My sister lives in Italy…
At the ripe age of 44, I have trouble recalling some of my youthful motivations. Why did I want to be an astronaut? Why did I love Raggedy Ann and Holly Hobbie so? What did I ever see in that weirdly lanky kid in seventh grade that I had a crush on? (He must have had a great personality.)
I also have been wondering when my deep rooted love for Italy started. Was it ingrained in me? Italy was at the forefront of who we were, my family. Italy was where we came from. We had Italian blood running through our veins!
Perhaps it was the unattainable idea that was appealing to me in my youth. As an awkward, insecure teenage girl, Italy was far away and romantic and therefore, full of promise of the unknown.
Shall we keep on the topic of coffee and the Italian bar?
The muses took over as I slowly breathed in the Florentine landscape around me that moved and whirled in a drowsy rainy spring. I sat in so many bars and cafe’s and pasticcerias while I was visiting Florence, writing, waxing poetically about everything I saw.
I wonder if Hemingway preferred the bars he wrote in because it was the thing to do in his day or if it was the mix of tourists…now that I write that, I think perhaps there were not tourists in his day as there are today when you come to Europe.
Perhaps he loved the rhythm of the day that can be found at European bars and cafés. A quick caffe (shot of espresso) in the morning, folks on their way to work, waking up to each other’s smiles, complaints and gossip, the work crowd quickly dissolving with the slowing sounds of cups and saucers and spoons being stacked over and over again. The older crowd shuffles in for their long winded gossip turns or the politics of the day – voicing the kind of opinion that comes from age and time to ponder such provocative thoughts. After farewells, it’s lunch time. A speedy group, even if the Italians are known for their long, late lunches. The bar is for quick panini’s. A late afternoon pick me up espresso crowd followed blends into an aperitivo crowd. And finally the bar is put to bed with boisterous sentiments of the evening drinkers.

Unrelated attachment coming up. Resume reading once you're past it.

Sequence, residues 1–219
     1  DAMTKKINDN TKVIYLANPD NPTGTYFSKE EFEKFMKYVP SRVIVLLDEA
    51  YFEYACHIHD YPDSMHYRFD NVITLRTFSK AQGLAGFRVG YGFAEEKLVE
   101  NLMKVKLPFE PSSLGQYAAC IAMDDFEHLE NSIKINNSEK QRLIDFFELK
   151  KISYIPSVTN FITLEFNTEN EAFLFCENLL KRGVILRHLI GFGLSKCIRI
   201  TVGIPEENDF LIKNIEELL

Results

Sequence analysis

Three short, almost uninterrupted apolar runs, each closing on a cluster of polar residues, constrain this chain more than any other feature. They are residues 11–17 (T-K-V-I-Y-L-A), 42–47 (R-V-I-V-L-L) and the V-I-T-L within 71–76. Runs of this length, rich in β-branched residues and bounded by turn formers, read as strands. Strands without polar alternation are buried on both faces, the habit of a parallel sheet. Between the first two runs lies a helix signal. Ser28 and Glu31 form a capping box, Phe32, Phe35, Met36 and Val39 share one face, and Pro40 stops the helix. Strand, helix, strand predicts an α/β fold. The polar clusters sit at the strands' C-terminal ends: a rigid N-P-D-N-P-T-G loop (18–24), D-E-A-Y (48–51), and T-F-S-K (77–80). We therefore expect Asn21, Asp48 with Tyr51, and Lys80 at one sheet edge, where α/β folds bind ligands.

If life revolves around the kitchen table, “The world begins at a kitchen table. No matter what, we must eat to live.” – Joy Harjo. Then perhaps the gossip of life, the daily speeds of life can be found in the cafe. Maybe Hemingway was drawn to this changeling called a café when he was in Paris in the 20s.
I take my turn to write and muse as life swirls around me and breath it all in.